In terms of the actual marks that went towards the final grade, it has always been a small amount. Looking at the last year of coursework tasks for OCR A Level Chemistry A, about 4.5% of the final mark was based on actual practical skills. While the coursework modules accounted for 20% of the final marks, the majority of the questions asked within these papers were analysis and evaluation questions based on the observations/measurements taken during the two practical tasks. (I’m assuming the percentages are broadly similar for other qualifications.) These papers were carried out under exam conditions, just like in the new qualification exams, but internally marked, moderated, then externally moderated, with all the administrative burden and issues with reliability this entails.

We now have the practical endorsement – a holistic judgment of the competence of a student in a wide variety of practical skills, apparatus, and techniques, carried out over the two years of the course. 99% of students have been awarded the endorsement this year, and this is a massive credit to the students, and to their teachers in adapting to a new assessment regime and in delivering what I think is a much more authentic practical experience.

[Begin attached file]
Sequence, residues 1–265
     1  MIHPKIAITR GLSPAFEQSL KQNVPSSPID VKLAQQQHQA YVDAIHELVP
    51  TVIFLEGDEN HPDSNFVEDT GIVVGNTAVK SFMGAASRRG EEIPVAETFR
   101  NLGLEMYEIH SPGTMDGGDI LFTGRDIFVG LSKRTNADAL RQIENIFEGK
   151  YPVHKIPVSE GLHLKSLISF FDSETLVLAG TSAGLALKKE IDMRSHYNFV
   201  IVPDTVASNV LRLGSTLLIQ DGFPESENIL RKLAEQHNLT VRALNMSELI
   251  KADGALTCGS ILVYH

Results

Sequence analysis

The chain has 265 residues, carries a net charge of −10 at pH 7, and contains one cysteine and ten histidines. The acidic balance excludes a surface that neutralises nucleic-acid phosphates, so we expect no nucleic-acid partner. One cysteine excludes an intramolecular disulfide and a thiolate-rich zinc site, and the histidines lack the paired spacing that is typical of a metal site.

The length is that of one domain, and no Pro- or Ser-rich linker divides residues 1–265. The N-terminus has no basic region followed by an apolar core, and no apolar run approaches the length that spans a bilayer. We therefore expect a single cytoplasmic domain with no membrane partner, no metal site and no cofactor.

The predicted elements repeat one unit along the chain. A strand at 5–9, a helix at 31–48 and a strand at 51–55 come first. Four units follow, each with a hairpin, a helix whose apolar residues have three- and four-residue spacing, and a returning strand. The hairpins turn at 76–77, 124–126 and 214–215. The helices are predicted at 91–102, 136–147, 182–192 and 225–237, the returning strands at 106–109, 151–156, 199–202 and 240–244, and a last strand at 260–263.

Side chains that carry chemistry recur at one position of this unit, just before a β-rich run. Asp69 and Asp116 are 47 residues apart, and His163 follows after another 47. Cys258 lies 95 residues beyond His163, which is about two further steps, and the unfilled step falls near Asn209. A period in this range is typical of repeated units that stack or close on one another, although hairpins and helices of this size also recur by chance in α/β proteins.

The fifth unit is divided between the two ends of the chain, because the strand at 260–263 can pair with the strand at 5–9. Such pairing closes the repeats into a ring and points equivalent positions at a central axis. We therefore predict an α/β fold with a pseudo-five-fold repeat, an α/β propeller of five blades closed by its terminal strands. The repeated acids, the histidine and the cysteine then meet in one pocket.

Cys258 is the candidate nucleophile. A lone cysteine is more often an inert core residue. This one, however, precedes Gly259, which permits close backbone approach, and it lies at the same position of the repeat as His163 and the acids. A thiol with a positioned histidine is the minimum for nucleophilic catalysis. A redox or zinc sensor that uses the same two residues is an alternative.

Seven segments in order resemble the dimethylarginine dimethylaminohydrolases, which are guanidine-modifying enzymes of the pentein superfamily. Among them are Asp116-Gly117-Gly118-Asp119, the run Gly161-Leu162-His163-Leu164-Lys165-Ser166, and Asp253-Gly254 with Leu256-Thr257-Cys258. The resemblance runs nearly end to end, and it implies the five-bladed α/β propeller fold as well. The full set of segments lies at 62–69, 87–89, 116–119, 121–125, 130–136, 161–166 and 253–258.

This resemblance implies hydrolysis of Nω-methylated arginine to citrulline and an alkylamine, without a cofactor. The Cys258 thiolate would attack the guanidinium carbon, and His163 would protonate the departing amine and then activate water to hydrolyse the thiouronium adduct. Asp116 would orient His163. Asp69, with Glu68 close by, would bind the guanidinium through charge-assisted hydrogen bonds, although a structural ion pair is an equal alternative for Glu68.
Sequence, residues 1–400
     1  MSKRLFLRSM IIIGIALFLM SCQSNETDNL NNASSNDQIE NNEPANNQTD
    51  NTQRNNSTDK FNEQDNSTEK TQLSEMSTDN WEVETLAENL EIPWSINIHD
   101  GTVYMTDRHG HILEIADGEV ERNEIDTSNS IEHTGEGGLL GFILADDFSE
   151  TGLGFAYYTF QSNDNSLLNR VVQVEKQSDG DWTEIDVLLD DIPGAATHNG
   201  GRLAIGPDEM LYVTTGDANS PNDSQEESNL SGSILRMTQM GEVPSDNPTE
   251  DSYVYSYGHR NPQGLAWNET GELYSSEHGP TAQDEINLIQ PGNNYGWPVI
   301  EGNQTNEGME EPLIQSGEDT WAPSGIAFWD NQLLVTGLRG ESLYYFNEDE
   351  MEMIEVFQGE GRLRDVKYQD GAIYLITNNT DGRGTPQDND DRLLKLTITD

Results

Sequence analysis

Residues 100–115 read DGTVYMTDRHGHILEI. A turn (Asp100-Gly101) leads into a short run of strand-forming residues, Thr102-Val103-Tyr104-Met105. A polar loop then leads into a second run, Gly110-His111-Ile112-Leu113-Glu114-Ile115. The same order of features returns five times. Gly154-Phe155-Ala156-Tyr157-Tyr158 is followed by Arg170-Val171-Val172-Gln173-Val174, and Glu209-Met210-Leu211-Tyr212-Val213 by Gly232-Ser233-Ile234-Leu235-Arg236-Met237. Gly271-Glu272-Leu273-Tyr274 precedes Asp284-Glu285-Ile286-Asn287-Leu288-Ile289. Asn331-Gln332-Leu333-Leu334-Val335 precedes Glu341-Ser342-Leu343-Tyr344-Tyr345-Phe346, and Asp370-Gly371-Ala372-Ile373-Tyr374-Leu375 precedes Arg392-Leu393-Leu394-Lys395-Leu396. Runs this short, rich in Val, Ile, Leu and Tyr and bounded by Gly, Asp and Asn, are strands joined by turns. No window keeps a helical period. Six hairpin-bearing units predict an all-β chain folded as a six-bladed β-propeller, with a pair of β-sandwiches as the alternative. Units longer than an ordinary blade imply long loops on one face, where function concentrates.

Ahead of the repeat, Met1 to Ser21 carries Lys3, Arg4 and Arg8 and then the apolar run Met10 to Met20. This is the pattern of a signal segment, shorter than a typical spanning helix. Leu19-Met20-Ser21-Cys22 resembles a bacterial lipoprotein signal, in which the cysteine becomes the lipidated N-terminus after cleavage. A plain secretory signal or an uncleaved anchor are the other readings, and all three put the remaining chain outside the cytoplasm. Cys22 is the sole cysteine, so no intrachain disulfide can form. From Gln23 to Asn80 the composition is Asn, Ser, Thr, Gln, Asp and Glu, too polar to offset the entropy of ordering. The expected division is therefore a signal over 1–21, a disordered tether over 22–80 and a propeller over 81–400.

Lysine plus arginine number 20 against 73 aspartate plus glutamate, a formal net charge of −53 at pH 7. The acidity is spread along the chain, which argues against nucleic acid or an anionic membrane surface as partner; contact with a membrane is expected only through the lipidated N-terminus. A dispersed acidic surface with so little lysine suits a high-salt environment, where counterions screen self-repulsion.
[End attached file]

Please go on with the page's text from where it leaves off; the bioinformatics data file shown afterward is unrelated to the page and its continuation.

‘downgrading the significance of practicals at A level could make it more difficult for students to decide whether they wanted to go on to pursue science at university’

For all the reasons above, I just don’t believe that the significance of practical work has been downgraded, and again the assumption that if it doesn’t count towards a grade it isn’t significant. For example, the science trips I have taken students on (for example to the Diamond Light Source in Oxfordshire) have had just as much impact on students’ decision to pursue science at university, and this had no direct relevance to their final grade.